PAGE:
Based on Examination Launched on the Basis of Public Defender's Appeal, Treatment with So-called "Mowgli Method" was Recognized as Illegal Medical Activity

Based on the appeal of the Public Defender of Georgia, LEPL Agency for Regulation of Medical and Pharmaceutical Activities studied the arbitrary treatment of infants with the so-called "Mowgli method" and established illegal medical activity.

The examination found that this method is an intervention that poses a risk to the life and health of children, which, especially at an early age, can lead to severe and irreversible complications. Administrative liability has been imposed on the person using this method.

It should be noted that according to a pediatric expert, detailed information on the so-called "Mowgli method" is not available anywhere. It is unknown what this method is based on, whether it is described anywhere, or whether it has any theoretical or practical basis, while the footage circulating on the Internet and on television shows that this is a very aggressive set of movements, carries a high risk of brain and musculoskeletal injuries and may be considered one of the forms of child abuse.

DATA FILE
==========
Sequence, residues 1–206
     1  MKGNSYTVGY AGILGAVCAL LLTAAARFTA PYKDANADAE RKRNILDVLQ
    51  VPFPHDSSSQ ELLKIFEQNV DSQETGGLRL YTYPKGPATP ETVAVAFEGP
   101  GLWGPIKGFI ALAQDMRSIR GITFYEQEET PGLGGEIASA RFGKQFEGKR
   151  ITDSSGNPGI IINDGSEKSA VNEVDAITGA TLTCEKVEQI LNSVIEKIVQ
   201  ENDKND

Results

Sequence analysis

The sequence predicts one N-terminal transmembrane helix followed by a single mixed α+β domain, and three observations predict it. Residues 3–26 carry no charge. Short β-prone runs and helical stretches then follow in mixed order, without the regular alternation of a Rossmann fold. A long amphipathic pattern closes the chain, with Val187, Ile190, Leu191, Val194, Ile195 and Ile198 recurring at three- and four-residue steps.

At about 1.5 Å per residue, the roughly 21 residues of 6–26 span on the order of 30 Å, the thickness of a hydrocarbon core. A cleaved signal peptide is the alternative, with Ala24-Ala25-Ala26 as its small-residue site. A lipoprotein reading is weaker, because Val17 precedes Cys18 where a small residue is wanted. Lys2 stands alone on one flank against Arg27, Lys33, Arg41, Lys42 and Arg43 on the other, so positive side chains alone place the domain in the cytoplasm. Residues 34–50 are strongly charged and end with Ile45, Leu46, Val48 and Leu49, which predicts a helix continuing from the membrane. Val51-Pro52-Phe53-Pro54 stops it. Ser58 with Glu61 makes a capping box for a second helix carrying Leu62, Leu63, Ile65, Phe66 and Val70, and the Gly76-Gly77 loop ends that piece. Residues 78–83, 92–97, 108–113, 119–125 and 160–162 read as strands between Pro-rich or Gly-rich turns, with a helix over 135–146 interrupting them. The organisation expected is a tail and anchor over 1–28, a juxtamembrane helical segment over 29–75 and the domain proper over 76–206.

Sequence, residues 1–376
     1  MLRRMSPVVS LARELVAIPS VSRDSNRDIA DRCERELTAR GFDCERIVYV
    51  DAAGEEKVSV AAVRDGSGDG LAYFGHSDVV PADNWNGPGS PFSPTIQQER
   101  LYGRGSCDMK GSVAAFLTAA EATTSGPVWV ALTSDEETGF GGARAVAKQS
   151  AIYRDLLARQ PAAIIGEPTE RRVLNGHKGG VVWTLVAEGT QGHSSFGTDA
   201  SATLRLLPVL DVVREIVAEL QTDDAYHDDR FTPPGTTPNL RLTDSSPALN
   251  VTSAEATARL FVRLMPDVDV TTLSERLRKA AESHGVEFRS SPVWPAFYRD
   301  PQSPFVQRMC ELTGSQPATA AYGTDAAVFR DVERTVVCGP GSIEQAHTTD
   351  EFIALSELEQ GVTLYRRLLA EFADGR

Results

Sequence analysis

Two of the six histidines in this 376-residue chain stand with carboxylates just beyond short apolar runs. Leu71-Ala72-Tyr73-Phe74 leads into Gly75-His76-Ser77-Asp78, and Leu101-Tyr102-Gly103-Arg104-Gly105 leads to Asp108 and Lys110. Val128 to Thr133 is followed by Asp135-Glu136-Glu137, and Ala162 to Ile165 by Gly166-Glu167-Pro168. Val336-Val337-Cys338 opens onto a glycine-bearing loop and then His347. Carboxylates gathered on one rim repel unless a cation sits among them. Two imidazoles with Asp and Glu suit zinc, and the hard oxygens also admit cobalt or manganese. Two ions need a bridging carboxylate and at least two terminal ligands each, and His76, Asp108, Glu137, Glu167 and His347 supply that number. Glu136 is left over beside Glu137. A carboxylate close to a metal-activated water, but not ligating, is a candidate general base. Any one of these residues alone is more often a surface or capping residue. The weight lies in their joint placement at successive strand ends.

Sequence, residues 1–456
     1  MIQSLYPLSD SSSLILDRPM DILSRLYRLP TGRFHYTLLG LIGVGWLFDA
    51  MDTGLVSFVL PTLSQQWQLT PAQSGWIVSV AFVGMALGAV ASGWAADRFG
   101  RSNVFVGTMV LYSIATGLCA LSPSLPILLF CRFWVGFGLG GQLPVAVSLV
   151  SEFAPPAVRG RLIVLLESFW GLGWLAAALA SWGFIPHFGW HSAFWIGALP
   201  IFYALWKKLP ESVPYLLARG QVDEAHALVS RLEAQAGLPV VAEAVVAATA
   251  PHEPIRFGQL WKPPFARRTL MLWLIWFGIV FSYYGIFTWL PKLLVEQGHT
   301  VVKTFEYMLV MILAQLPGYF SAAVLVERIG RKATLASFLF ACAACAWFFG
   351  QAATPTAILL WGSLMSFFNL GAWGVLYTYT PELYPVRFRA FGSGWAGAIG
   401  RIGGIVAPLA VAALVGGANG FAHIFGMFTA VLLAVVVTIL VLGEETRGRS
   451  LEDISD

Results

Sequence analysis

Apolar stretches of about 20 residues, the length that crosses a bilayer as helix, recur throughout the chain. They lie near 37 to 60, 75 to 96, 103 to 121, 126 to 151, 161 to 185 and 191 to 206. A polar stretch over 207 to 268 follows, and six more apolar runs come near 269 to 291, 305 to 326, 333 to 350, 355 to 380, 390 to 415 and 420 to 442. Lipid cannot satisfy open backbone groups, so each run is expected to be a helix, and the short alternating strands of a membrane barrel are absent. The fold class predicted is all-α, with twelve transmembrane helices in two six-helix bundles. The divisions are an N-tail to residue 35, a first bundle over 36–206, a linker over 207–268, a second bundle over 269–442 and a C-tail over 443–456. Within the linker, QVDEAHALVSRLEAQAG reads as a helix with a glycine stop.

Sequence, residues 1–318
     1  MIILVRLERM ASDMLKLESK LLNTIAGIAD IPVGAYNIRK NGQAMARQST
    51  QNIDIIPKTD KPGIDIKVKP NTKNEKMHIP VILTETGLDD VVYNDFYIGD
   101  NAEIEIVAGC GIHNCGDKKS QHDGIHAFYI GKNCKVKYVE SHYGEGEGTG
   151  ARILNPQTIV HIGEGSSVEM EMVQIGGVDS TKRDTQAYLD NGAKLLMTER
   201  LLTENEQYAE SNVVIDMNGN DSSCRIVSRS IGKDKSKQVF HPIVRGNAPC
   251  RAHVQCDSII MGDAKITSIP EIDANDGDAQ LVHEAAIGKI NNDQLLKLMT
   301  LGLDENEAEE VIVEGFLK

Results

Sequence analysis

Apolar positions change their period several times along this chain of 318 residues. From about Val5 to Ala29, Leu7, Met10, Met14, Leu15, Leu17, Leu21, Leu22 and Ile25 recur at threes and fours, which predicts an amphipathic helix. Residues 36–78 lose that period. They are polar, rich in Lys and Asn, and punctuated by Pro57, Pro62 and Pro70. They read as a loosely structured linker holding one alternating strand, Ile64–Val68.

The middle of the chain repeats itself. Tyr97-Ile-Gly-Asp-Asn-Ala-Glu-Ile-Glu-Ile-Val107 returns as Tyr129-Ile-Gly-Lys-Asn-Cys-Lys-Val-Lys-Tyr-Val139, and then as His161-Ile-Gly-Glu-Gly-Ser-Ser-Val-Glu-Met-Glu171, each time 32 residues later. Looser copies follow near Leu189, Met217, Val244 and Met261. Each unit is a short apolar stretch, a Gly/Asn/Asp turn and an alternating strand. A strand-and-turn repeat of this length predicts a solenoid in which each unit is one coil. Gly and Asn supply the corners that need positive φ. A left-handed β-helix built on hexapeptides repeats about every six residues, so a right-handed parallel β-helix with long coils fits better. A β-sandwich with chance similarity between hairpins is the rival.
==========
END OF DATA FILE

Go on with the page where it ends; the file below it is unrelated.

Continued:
According to the expert, brain injury can be caused by a seemingly simple fun movement, such as throwing a child in the air and then catching him/her. With a small space between the bones of the brain and the skull, shaking causes the brain to come into rough contact with the bones, which can lead to brain contusion, swelling or even death (13-23% of cases). In addition, bone and soft tissue damage, fractures of the spine and retinal hemorrhage may occur, leading to impaired vision or loss of vision.

The Public Defender of Georgia calls on the society to pay special attention to such interventions and not to endanger the health and life of children. At the same time, it is important for the State to conduct constant monitoring to prevent the spread of such practices and to respond to similar cases in a timely manner.

Woking Hours: Monday–Friday 9:00–18:00
Hot line: 1481 (24/7)